Ok, let me get this right. Ohio along with other (usually Republican run states) would like to drug test welfare recipients? And they want people who need financial assistance from the state to pay for these tests and the state will reimburse them?
Wow. Clearly, politicians don’t quite get how poverty works. Folks who need financial assistance don’t have “extra” money lying around to pay for drug tests, let alone wait for the state to get around to paying them back once they prove they aren’t guilty of taking drugs. I participate in my workplace medical spending plan and they can often take their sweet time reimbursing me even when I really need the money back.
And I’ve spent over an hour trying to find if State of Ohio employees (which includes Governor John Kasich and the state legislators who want this drug testing program) have to pass drug tests. According to the U.S. Department of Labor website, “many state and local governments have statutes that limit or prohibit workplace testing, unless required by state or Federal regulations for certain jobs.” State and federal contractors must have a drug-free workplace and state of Ohio prisoners must be drug free, but employees aren’t tested?
Every job I’ve had since I was twenty drug tested me before I started employment and I was fine with that because I knew all other employees were tested. Also, the companies paid to have me drug tested. Basically, there was an innate fairness involved, but it isn’t fair to have people without means to front the cost to test for an activity they aren’t unlikely guilty of.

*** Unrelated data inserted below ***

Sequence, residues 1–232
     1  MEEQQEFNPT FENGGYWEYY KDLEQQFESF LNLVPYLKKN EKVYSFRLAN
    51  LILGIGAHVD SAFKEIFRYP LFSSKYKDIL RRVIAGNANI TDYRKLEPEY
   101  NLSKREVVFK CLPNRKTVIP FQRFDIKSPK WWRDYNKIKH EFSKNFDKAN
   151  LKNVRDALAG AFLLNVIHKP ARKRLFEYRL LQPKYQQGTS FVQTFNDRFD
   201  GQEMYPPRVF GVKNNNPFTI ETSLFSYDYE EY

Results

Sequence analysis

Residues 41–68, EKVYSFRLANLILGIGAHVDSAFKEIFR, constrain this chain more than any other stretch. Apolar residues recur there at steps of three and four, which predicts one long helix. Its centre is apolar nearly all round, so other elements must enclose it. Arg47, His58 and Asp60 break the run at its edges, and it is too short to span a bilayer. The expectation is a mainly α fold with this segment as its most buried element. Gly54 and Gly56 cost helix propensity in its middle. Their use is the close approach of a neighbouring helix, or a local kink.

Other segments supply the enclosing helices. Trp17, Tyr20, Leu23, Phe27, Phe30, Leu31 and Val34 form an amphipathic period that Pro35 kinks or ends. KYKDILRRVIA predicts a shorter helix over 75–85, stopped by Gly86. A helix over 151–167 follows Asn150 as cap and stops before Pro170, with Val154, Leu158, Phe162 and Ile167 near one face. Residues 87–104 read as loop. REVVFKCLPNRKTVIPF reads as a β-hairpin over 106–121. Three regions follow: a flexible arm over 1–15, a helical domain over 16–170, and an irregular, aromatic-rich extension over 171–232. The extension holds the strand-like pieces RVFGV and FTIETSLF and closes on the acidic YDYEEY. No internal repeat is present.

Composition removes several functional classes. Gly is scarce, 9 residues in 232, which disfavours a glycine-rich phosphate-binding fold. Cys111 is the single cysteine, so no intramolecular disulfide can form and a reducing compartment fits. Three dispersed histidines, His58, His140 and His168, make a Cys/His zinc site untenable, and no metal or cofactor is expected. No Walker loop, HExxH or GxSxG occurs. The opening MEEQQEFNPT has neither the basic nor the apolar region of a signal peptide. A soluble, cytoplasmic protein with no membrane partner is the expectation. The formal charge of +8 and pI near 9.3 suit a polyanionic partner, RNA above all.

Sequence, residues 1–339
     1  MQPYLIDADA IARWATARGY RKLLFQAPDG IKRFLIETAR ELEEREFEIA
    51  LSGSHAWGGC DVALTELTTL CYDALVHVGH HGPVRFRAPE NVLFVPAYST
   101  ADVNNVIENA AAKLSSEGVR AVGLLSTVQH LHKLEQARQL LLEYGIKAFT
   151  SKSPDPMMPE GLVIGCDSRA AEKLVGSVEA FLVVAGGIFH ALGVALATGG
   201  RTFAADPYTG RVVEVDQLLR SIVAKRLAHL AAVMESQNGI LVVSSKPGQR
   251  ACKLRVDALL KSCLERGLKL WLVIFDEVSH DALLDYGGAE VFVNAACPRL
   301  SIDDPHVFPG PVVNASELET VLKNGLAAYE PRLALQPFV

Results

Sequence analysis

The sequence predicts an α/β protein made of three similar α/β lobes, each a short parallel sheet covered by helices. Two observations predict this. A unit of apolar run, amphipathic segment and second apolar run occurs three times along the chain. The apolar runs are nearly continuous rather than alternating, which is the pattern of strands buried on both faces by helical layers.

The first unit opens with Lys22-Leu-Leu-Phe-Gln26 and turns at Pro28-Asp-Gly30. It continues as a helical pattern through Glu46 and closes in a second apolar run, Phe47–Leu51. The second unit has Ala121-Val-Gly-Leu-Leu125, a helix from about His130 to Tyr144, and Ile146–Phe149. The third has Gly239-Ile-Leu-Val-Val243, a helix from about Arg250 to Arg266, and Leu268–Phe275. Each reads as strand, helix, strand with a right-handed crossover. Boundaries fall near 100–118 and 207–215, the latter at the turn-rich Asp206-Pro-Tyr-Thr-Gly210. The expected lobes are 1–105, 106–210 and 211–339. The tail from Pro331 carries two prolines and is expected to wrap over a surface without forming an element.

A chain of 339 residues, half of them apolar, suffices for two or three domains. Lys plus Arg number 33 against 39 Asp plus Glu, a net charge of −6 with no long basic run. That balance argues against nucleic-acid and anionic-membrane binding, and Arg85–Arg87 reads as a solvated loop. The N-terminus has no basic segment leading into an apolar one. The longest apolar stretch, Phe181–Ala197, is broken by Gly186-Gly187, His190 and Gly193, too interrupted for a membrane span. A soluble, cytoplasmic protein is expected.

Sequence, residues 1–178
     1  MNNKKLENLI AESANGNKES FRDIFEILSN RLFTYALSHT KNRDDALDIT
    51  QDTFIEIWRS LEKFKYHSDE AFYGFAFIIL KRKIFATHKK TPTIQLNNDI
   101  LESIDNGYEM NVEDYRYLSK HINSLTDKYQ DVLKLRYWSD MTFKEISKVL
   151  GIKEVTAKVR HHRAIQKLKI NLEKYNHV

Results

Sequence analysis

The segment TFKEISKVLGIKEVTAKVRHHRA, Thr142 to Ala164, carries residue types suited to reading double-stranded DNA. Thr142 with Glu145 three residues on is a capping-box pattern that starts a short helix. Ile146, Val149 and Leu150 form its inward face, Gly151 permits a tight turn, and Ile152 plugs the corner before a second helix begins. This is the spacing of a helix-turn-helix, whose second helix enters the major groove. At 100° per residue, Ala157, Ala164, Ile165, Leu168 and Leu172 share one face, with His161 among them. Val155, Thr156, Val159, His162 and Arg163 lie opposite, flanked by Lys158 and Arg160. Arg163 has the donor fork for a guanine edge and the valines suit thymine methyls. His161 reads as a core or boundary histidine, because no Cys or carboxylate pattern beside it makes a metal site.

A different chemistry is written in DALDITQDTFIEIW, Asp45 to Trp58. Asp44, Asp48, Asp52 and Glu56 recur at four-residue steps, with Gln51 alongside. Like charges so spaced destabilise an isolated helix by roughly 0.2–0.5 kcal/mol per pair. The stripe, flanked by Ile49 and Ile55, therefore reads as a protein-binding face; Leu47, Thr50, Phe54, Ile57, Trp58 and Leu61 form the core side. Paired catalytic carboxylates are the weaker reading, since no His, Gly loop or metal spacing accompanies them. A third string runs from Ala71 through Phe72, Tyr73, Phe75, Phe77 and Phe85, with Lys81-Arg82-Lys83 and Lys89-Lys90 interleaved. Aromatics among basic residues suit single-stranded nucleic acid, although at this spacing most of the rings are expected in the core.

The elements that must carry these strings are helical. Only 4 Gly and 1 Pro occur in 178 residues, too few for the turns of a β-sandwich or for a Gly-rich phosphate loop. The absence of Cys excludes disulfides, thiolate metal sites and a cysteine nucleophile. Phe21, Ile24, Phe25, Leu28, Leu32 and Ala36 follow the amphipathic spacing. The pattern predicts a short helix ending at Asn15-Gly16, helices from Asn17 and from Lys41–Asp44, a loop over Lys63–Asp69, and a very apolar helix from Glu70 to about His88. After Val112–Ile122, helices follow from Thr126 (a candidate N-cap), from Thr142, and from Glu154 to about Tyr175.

Tampa Bay Online reports that Florida has only had “about 2 percent of applicants” for welfare benefits fail their drug tests since July 1st. Is catching 2% of welfare recipients worth the effort when the same article reports that ” 8.7 percent of the population nationally over age 12 uses illicit drugs?”
Testing welfare recipients for drugs only makes sense if you want to make them feel worse about being poor. All these Republican state administrations were elected promising jobs, but instead they’re proposing drug testing for those who need those jobs the most. I’m fresh out of gold stars, but good work!
Here is the article “Drug Testing the Poor: Bad Policy, Even Worse Law” from Time Magazine and written by Adam Cohen (8/29/11). This article does a great job of addressing the fact that states are not saving money in welfare benefits with these programs.
Hope you enjoy the articles!